ASA's "neutrality policy" and engineering ethics

From: Joe Carson <>
Date: Sun Dec 04 2005 - 20:46:58 EST

In my opinion ASA's "neutrality policy" - which
is not part of its Constitution or bylaws and can
therefore be amended/ended at any time by a
majority vote of its Executive Council -
indirectly contributes to the lack of a
collective and intentional Christian influence in
the engineering (and science) professions. A
lack of a Christian "salt and light" intentional
and collective influence contributes to the
existence and persistence of significant
deficiencies in engineering ethics, in theory and
implementation, which contributes to engineering
related mishaps such as the failure of the levees in New Orleans.

It may also contribute to civilization ending, at
mankind's hand, via scientific and engineered
means, during our watch. I suggest God will not
view our faithfulness, as Christian engineers and
scientists, kindly in such a circumstance, for
there not being a collective and intentional
Christian influence in the engineering and
science professions and for our not being advocates and agents of it.

ASA's "neutrality policy" as currently
implemented, is in my opinion, contrary to its
doctrinal statement, which explicitly recognizes
it and its members stewardship
responsibilities. I agree that ASA should be
neutral about things as young earth creationism
and ID - there are no significant stewardship
implications to those issues. I disagree it
should be neutral about issues of scientific
integrity, including engineering ethics. But it
is, because of its "neutrality policy" and
because its current Constitutional objectives are
so limited in scope. One cannot both be
"neutral" and also be an advocate of a collective
and intentional Christian influence in the
engineering and science professions. ASA
"neutrality" hinders my efforts, indirectly at
least, to create an organizational vehicle for a
collective and intentional Christian influence in the engineering profession.

I recently wrote a letter to the members (voting
and non-voting, as well as the two candidates) of
the ASA Executive Council, describing my reasons
for letting my ASA membership lapse, after about
15 years of association with ASA. Simply put, I
do not think ASA is "God's organization" or is
"seeking God's will," contrary to statements made
by Randy Isaac, ASA Executive Director at the
recent ASA annual meeting (his speech is
available as an MP3 file linked to the ASA homepage.)

If anyone wishes a copy of the letter, send me an
email at <>.

The following submitted article details *some*
(far from all!) of my concerns about engineering
ethics (the editor limited me to about 1500 words!)

Joe Carson


The following article has been submitted for the
Fall 2005 issue of the electronically
distributed “Professional Ethics Report” of the
Scientific Freedom, Responsibility and Law
Program of American Association for the
Advancement of the Sciences
<>. It was solicited
by the editor of the publication and what follows
is likely close to what is published in next few weeks.

Joe Carson, P.E.

The author is a mechanical engineer with 30 years
experience in nuclear technology – weapons,
power, and other. He has been licensed for over
20 years. He is a long-time active member of
ASME, NSPE, and ANS and has held leadership
positions in each. He belongs to AAAS and has
twice been nominated for its “Scientific Freedom
and Responsibility Award.” He has likely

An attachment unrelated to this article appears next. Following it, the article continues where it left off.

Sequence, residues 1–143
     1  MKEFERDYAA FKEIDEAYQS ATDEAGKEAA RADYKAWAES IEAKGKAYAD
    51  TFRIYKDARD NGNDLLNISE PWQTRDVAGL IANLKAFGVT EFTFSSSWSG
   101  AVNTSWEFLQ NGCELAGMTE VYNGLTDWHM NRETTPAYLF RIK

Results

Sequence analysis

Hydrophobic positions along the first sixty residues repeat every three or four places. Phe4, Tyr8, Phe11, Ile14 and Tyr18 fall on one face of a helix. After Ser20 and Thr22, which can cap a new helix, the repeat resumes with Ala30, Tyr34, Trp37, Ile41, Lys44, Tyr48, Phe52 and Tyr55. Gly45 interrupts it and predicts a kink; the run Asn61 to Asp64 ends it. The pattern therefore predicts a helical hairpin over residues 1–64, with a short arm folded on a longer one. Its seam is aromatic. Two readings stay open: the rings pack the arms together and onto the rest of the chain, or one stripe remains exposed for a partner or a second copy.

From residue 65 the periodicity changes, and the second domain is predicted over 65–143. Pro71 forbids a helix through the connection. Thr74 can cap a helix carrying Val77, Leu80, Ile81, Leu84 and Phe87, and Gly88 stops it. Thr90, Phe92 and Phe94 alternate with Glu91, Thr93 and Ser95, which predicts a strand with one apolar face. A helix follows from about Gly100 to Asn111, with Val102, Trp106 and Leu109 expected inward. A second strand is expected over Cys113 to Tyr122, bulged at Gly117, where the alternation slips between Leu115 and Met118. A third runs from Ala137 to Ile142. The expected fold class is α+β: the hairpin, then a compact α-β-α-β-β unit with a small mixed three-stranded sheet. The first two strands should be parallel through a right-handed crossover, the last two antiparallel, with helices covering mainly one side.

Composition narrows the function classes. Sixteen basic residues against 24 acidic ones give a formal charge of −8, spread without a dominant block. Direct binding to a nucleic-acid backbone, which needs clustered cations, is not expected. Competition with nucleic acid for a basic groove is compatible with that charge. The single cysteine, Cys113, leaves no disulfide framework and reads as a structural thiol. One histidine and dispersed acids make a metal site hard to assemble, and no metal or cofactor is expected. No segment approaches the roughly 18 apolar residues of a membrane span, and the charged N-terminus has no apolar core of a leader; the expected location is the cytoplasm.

“prevailed” in more whistleblower-related
litigation than any other federal employee and
engineer in American history (some details are
at http://

At end of it, his reasons to sacrifice and risk
to defend his profession and its code of ethics
are based in a Christian worldview that informs
him one’s work matters to God and that “suffering
for righteousness’ sake” is not necessarily to be
shunned. He is a co-founder and President
of the Affiliation of Christian Engineers (see The views
expressed are his own, including that absent
something that does not now and, at least for
past 150 years in America, never has existed – a
collective and intentional Christian influence in
the engineering profession - nothing should be expected to change.

Is Engineering Ethics “Ethical”? Is “Engineering Ethics” at All?

A government loses legitimacy when it is unable
or unwilling to protect law-abiding citizens from
criminals – the “social contract” between the
governing and the governed becomes “null and
void” in such a circumstance. A similar
legitimacy issue confronts the engineering
profession because it is unable or unwilling to
protect its code of ethics when employers of
engineers punish them for adhering to
it. Leaders of the engineering profession are
“in denial” about this basic legitimacy
issue. The stakes are enormous, given that the
engineering profession is arguably humankind’s
largest and most global profession (about 20
million degreed members worldwide), with
essential responsibilities for the design,
construction, operation, and maintenance of the
“built” environment we are all so dependent upon
for our individual and collective functioning.

The following points are based on the author’s
direct experiences and/or objectively verifiable facts :

1. Codes of Engineering Ethics of major
engineering societies, just as legally binding
rules of professional conduct for licensed
professional engineers (P.E.’s) contain a
positive requirement for engineers to “blow
whistles” when necessary to protect others.
Additionally, they are implemented on a “strict
honor code basis.” They explicitly require an
engineer to report reasonable knowledge of their
violation by others to the appropriate
professional body, even at risk of job loss and
lasting career damage. The “one for all” aspects
of “social contract” the engineer has with his
profession and society are clearly delineated.

2.There are no corresponding “all for one”
obligations on the profession to collectively
protect its code of ethics, including protecting
the engineer from employment retribution for
adhering to his ethical obligations, making the
social contract – i.e. engineering ethics –
unethical and illegitimate, in the opinion of the author.

3. State Engineering Boards exist to
protect the public health, safety, and welfare,
but in the author’s experience with two State
Boards and what he has learned from others, they
clearly state they have no obligations to protect
the law-abiding engineer from employment
retribution. In author’s case, they have
repeatedly declined to join neutral friend of the
court briefs or requests “go on record” in
criticism of the legally established record of wrongdoing.

4.Major engineering professional societies
require compliance with a code of ethics as
a condition of membership, but in the author’s
experience and what he has learned from others,
they demonstrate little, if any, collective
cohesiveness to their codes of ethics when an
ethical engineer alleges or experiences
employment retribution. They have, in author’s